CALLOWAY COUNTY — Lifelong Calloway County farmer Danny Cunningham has been named the Kentucky’s winner of the Swisher Sweets/Sunbelt Expo award.
Cunningham was nominated Kentucky Farmer of the Year by Don Overbey, co-owner of Overbey Farms of Murray, Kentucky and, at the time of Cunningham’s nomination, president of the Calloway County Farm Bureau Federation Board. He says, “Danny is an outstanding farmer and person. A dedicated family man, he has always stayed strong in his Christian faith. As with all farmers, he has had years that weren’t as good as others, but he always came through with a smile and a positive attitude.”
As the Kentucky winner of the Swisher Sweets/Sunbelt Expo award, Cunningham will receive a $2,500 cash award and an expense-paid trip to the Sunbelt Expo from Swisher International of Jacksonville, Florida, a $500 gift certificate from Southern States cooperative and a Columbia vest from Ivey’s Outdoor and Farm Supply. Cunningham is now eligible for the $15,000 cash prize awarded to the overall winner.
Other prizes for the overall winner include use of a tractor for a year from MF Product, another $500 gift certificate from Southern States, a Columbia jacket from Ivey’s Outdoor and Farm Supply, a smoker-grill from Hays LTI, and a Henry Repeating Arms American Farmer Tribute edition 22 rifle from Reinke Manufacturing Co., Inc., the irrigation company, through their partnership with Henry Repeating Arms.
Swisher International, through its Swisher Sweets cigar brand, and the Sunbelt Expo are sponsoring the Southeastern Farmer of the Year awards for the 30th consecutive year. Swisher has contributed some $1,120,000 in cash awards and other honors to southeastern farmers since the award was initiated in 1990.
Kentucky farmers became eligible to compete for the Farmer of the Year award in 2006. Previous state winners from Kentucky include Sam Moore of Morgantown, 2006; Scott Travis of Cox’s Creek, 2007; Loretta Lyons of Tompkinsville, 2008; Doug Langley of Shelbyville, 2009; Joe Nichols of Cadiz, 2010; Jim Sidebottom of Greensburg, 2012; Scott Travis of Cox’s Creek, 2013; Ray Allan Mackey of Elizabethtown, 2014; Jack Trumbo of Simpsonville, 2015; Keith Lowry of Water Valley, 2016; and Mike Batch of Owingsville, 2017; Darren Luttrell of Beaver Dam, 2018.
Danny Cunningham grew up on a 60-acre dairy farm in Calloway County.
At 13, he learned to drive an old pickup truck to school on back roads because his dad figured that by letting him drive, he could get home at least an hour earlier than if he took the bus. And that hour could be spent on farm chores.
Tasked with a lot of the milking, Cunningham wasn’t thrilled about that part of agricultural life. He recalls, “I loved working the land, so I started renting ground for row cropping and growing tobacco. I bought my first farm in 1964 and built our family farm house in 1967. My wife, Judy, was my number-one hand on the farm. She could do anything I could do—drive tractors, combines, and grain trucks—while doing a wonderful job of raising our three daughters.”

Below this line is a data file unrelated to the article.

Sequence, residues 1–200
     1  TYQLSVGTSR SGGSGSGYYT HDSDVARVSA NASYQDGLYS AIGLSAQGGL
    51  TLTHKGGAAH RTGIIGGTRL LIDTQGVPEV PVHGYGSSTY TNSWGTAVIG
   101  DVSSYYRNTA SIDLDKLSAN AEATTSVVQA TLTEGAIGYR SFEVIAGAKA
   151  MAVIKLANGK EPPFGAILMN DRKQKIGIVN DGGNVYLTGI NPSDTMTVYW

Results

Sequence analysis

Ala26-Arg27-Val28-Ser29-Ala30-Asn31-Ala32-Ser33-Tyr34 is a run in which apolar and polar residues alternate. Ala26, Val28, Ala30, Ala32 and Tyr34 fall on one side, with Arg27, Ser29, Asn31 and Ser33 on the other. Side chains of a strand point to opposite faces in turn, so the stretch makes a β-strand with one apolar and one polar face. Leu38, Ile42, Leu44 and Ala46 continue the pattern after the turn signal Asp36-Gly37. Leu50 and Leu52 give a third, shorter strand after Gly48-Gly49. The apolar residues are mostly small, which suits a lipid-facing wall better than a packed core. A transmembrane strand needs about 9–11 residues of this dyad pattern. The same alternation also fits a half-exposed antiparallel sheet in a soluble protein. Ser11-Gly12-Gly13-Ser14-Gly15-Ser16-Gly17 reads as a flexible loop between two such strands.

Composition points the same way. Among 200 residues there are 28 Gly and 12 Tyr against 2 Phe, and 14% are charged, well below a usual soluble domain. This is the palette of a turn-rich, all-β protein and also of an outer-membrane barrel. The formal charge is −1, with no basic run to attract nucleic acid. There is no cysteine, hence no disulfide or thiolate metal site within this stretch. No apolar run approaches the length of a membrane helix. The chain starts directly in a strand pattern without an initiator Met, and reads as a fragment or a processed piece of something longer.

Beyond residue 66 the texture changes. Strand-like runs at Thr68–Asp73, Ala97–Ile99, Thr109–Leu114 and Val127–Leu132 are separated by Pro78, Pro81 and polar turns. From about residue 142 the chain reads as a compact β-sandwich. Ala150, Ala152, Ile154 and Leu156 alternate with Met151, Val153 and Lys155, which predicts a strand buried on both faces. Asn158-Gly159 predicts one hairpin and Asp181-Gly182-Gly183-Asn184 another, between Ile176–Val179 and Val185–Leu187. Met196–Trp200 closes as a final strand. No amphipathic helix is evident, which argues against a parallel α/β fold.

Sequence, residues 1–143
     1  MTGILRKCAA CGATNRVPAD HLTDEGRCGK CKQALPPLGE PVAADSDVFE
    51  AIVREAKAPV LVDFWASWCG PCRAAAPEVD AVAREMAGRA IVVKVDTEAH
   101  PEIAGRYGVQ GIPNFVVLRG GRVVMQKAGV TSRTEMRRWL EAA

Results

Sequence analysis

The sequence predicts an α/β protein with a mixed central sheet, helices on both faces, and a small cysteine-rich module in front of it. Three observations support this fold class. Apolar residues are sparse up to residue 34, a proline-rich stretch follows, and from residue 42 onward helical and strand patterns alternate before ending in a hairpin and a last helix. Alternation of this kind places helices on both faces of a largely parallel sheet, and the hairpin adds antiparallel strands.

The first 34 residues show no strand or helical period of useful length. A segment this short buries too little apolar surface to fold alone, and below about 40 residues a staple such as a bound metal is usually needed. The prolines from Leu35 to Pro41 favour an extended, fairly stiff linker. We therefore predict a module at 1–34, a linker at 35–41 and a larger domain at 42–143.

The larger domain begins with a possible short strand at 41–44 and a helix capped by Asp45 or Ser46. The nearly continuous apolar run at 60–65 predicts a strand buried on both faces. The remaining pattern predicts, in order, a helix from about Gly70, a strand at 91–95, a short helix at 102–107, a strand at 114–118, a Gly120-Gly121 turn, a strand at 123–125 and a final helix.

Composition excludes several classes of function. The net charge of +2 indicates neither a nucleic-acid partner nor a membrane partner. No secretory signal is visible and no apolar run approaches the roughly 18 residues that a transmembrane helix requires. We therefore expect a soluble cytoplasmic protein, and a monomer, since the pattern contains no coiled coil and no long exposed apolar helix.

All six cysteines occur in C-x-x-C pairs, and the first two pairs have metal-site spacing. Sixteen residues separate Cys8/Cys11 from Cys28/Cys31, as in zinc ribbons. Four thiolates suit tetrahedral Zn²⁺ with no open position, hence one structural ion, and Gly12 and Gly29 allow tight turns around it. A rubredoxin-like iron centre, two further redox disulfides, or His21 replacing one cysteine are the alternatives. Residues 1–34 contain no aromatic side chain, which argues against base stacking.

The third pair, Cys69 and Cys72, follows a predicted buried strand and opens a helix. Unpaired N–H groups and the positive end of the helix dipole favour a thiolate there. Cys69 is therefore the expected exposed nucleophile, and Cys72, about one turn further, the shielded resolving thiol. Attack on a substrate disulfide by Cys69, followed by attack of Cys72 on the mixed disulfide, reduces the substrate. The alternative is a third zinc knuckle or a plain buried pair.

The Cunningham girls were active in 4-H, softball, church, and school-related activities and automatically helped with farm chores. Judy, who passed away in 2016, had been a member of the Calloway County Farm Bureau, a 4-H leader, a Girl Scout leader, a Sunday school teacher, and a member of the Calloway County Homemaker Group.
Family has always been the heart and soul of this enterprise.
Oldest daughter, Deana Cunningham Chadwick, maintains the farming books. She is the bookkeeper, payroll manager, and the purchasing and accounts payable manager. She also weighs the trucks and completes the receipts. Her husband, Ricky Chadwick, works full-time on the farm, driving tractors and trucks.
Middle daughter, Dana Cunningham Martin, works with marketing and publicity for the farm. Her husband, Terry Martin, is the regional sales manager at H&R Agri-Power; he oversees the purchasing and leasing of equipment.
Youngest daughter, Denese Cunningham King, is responsible for the technology equipment used by the farm and is the assistant payroll manager. Brad King, her husband, provides assistance during planting and harvesting season, driving tractors and trucks as needed.
Cunningham currently rents 4290 acres and owns 75 and has been farming now for nearly sixty years. He grows 2400 acres of food-grade white corn with a yield of 156 bushels per acre; 1900 acres of soybeans with a yield of 48 bushels per acre; 25 acres of dark tobacco with a yield of 3850 pounds per acre; and 400 acres of wheat with a yield of 80 bushels per acre. He has the capacity to store 300,000 bushels of grain, storing everything he grows and shipping corn throughout the winter to the mill.
He also does his own marketing, saying, “The basis is already set with corn, making it easier to market independently. Now, with smart phones and computers, technical help and information is at your fingertips. White corn garners a $1.00 premium that has helped keep the bottom line healthy.” He can sell in 5000 bushel corn, soybean, and wheat contracts. His dark tobacco crop is labor intensive (80 to 85 percent of the work is by hand) and is grown with the help of H2A labor.
Cunningham has been a long-term member and office holder in the Calloway County Farm Bureau, an organization that named him Calloway County Farmer of the Year in 2018. He says of this association, “They do a remarkably fine job of advocating for farmers in this county, state, and country. I’m very grateful for their hard work on behalf of families like mine that just love raising the best crops possible, no matter what the economic fluctuations might be.”